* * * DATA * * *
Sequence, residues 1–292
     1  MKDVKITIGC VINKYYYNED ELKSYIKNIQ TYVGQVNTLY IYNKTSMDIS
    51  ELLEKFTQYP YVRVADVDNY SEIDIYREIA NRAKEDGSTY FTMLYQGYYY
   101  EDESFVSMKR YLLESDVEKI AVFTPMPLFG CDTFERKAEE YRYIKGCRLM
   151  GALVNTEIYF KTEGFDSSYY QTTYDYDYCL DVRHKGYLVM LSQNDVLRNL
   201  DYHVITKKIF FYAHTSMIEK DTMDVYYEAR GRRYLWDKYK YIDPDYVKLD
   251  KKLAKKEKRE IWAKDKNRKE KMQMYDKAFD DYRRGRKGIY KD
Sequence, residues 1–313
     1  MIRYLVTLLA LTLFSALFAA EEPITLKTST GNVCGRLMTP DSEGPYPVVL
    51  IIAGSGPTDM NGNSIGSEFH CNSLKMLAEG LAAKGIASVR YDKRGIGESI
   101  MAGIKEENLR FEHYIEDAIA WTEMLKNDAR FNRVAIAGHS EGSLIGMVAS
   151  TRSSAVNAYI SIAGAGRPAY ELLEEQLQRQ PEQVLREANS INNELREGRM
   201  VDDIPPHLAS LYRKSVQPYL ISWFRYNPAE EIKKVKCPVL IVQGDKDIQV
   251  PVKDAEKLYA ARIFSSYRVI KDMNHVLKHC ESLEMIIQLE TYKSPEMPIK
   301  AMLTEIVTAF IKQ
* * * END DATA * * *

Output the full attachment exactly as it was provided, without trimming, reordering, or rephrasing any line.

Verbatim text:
Sequence, residues 1–292
     1  MKDVKITIGC VINKYYYNED ELKSYIKNIQ TYVGQVNTLY IYNKTSMDIS
    51  ELLEKFTQYP YVRVADVDNY SEIDIYREIA NRAKEDGSTY FTMLYQGYYY
   101  EDESFVSMKR YLLESDVEKI AVFTPMPLFG CDTFERKAEE YRYIKGCRLM
   151  GALVNTEIYF KTEGFDSSYY QTTYDYDYCL DVRHKGYLVM LSQNDVLRNL
   201  DYHVITKKIF FYAHTSMIEK DTMDVYYEAR GRRYLWDKYK YIDPDYVKLD
   251  KKLAKKEKRE IWAKDKNRKE KMQMYDKAFD DYRRGRKGIY KD
Sequence, residues 1–313
     1  MIRYLVTLLA LTLFSALFAA EEPITLKTST GNVCGRLMTP DSEGPYPVVL
    51  IIAGSGPTDM NGNSIGSEFH CNSLKMLAEG LAAKGIASVR YDKRGIGESI
   101  MAGIKEENLR FEHYIEDAIA WTEMLKNDAR FNRVAIAGHS EGSLIGMVAS
   151  TRSSAVNAYI SIAGAGRPAY ELLEEQLQRQ PEQVLREANS INNELREGRM
   201  VDDIPPHLAS LYRKSVQPYL ISWFRYNPAE EIKKVKCPVL IVQGDKDIQV
   251  PVKDAEKLYA ARIFSSYRVI KDMNHVLKHC ESLEMIIQLE TYKSPEMPIK
   301  AMLTEIVTAF IKQ